Document Type

Migration and Development (MAD) Series

Publication Date



Balsillie School of International Affairs


This publication seeks to establish a background for understanding the complex and dynamic linkages between urbanization, migration, HIV/AIDS and urban food security in Southern and Eastern Africa (SEA). As urbanization accelerates, direct food transfers from rural areas are increasing as poor urban households seek to reduce their vulnerability to high food prices and a cash-intensive urban existence. At the same time, urban households or individual migrants remit money back to households in rural areas both inside and outside the country of employment. A significant proportion of remittances are used for consumption purposes, including the purchase of food. These processes are underwritten by various forms of rural-urban, cross-border and circulatory migration.

Migration has clearly facilitated the rapid spread of HIV in the SEA region over the last two decades. For a number of reasons, migrants and other mobile people are especially vulnerable to HIV/AIDS. The epidemic, in turn, is leading to new forms of migration, including children’s migration and return migration of PLWHAs (People Living with HIV and AIDS) to rural areas. Not only does this lead to a decline in remittances but it places a greater burden on rural households. Rural food production for urban household members may also be negatively affected by the impact of HIV/AIDS on rural producers. In the context of HIV/AIDS, migrants themselves may be unable to pursue other food security avenues, including urban agriculture.

As HIV/AIDS creates both short term and long term intergenerational impacts within the framework of its long wave epidemiological pattern, the development context is changing considerably. In order to formulate appropriate policy responses, it is therefore imperative to understand the complex linkages and transfers of people and commodities which characterize the “new social economy of migration” in the SEA. At the same time, it is important to understand the inter-related connections between migration and HIV/AIDS for two basic reasons. First, migrants are a particularly vulnerable group, both to HIV infection and to resultant food insecurity. Second, a disease which eats away at the fabric of the new social economy of migration will severely test the ability of urban and rural areas to provide a secure food supply for their populations, both at the aggregate and household levels.

It is against this backdrop that this publication documents the key dimensions of the complex connections between urbanization, migration, HIV/AIDS and food security. There is an existing and growing literature on some of these connections; between migration and HIV/AIDS, for example, and between HIV/AIDS and rural food security. However, the linkages between HIV/AIDS and urban food security are less well-established. In addition, attempts to link both HIV/AIDS and urban food security simultaneously with migration are only now being considered, and this project is the first to examine these dynamics at the regional level. That task is rendered more challenging by the fact that migration itself has been undergoing rapid changes in form over the last decade.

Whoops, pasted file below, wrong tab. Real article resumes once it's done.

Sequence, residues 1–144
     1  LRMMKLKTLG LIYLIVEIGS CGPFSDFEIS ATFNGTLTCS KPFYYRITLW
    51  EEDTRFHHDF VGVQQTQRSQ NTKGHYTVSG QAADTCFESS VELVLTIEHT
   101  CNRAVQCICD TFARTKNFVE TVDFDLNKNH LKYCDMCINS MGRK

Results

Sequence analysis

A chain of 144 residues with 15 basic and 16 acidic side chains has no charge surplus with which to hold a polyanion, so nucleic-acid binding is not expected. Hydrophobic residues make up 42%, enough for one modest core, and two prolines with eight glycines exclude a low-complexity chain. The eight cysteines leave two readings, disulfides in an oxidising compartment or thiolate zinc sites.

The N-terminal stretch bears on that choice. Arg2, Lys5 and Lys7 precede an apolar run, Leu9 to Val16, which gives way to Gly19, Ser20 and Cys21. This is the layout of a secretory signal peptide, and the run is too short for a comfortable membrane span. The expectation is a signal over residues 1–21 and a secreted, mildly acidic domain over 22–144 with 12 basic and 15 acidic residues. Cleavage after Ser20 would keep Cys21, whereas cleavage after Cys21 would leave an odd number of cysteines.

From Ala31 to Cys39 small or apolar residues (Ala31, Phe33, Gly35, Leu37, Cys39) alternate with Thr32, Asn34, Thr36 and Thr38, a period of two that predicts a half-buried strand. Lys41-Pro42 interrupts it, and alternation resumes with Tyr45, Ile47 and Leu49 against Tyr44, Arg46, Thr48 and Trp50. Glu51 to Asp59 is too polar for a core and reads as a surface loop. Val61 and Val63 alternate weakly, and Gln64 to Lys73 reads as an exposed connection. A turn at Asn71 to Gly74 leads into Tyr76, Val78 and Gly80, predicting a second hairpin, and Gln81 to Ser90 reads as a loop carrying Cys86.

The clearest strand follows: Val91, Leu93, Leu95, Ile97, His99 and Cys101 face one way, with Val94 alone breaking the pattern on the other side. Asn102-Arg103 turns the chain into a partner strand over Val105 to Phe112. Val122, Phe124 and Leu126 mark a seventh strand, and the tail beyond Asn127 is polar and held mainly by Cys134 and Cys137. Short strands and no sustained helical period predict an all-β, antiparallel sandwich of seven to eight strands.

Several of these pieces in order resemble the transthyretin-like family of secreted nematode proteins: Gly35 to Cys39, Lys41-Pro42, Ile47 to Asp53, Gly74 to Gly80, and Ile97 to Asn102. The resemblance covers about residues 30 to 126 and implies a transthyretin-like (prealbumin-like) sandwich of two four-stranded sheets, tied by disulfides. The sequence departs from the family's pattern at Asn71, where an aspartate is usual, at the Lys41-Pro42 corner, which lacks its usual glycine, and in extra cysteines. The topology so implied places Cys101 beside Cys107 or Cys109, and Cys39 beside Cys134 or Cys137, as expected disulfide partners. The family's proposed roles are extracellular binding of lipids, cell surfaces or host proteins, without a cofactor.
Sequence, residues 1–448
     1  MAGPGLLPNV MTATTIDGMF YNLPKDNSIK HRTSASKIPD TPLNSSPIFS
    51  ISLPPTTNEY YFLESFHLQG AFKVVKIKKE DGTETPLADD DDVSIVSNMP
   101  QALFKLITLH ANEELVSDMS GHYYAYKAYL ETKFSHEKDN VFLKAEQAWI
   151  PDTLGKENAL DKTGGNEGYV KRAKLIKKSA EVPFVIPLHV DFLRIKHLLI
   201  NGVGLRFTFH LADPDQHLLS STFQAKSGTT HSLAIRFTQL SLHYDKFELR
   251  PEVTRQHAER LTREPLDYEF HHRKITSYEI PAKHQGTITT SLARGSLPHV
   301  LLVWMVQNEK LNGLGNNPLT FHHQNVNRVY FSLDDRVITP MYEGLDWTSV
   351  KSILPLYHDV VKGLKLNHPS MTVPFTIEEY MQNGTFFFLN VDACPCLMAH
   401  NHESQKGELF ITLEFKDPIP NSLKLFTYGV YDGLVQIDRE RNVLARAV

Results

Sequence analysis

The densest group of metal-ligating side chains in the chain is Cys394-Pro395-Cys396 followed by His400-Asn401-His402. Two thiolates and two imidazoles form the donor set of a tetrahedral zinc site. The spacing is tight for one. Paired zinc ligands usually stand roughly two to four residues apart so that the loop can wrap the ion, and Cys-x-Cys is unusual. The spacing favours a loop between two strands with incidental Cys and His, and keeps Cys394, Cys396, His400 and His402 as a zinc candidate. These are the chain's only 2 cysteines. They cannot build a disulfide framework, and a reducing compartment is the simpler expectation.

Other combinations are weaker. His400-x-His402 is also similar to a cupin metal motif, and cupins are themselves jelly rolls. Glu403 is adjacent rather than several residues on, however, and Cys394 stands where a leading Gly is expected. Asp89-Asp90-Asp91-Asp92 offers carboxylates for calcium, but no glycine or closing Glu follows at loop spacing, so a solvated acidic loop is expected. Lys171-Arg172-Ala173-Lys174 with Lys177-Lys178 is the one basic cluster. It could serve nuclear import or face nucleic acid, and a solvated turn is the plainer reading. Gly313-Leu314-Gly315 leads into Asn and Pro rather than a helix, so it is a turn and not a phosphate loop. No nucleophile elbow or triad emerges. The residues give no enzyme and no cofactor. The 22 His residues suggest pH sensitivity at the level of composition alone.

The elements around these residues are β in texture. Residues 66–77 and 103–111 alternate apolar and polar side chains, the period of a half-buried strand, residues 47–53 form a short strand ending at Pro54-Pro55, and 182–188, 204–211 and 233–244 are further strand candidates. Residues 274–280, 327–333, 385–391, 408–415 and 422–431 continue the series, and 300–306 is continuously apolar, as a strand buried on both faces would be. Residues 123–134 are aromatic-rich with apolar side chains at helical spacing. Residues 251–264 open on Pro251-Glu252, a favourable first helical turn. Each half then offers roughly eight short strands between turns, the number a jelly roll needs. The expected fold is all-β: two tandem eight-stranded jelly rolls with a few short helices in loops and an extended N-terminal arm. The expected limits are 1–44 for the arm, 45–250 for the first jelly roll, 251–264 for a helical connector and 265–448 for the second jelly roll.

The publication is divided into three sections. It is designed to lay the foundation for further discussion and the articulation of a targeted action research agenda which addresses both the knowledge gaps and the policy and programming needs of the region in this field of development.

This paper begins by reviewing the literature on urbanization and migration in SEA, showing how rapid urbanization is not eliminating migration but intensifying its scope and scale. The section also provides an overview of the HIV/AIDS epidemic in SEA and seeks to establish the reciprocal connections in the HIV/AIDS and migration nexus. Finally, the section reviews current evidence on the determinants of food security in urban areas.

The second chapter focuses on the links between migration and HIV/AIDS, migration and food security, and HIV/AIDS and food security. Research on these sets of linkage is proceeding apace although much more is known about the impact of HIV/AIDS on rural than urban food security.

The third chapter draws together these sets of relationships and outlines the key knowledge gaps and emerging research questions for the region. Although the research literature is not yet developed in this regard, various conceptual models have been devised to help understand these relationships.

Although some of these models focus on rural food security and some on urban, this paper argues that the distinction is artificial, and that migration is the “missing link” between the urban and the rural. Migration links the rural and the urban social economies and emphasizes the point that urban food security cannot be isolated from rural food security and vice-versa. Finally, the paper proposes some next steps in developing a fully fledged and policy-relevant research agenda.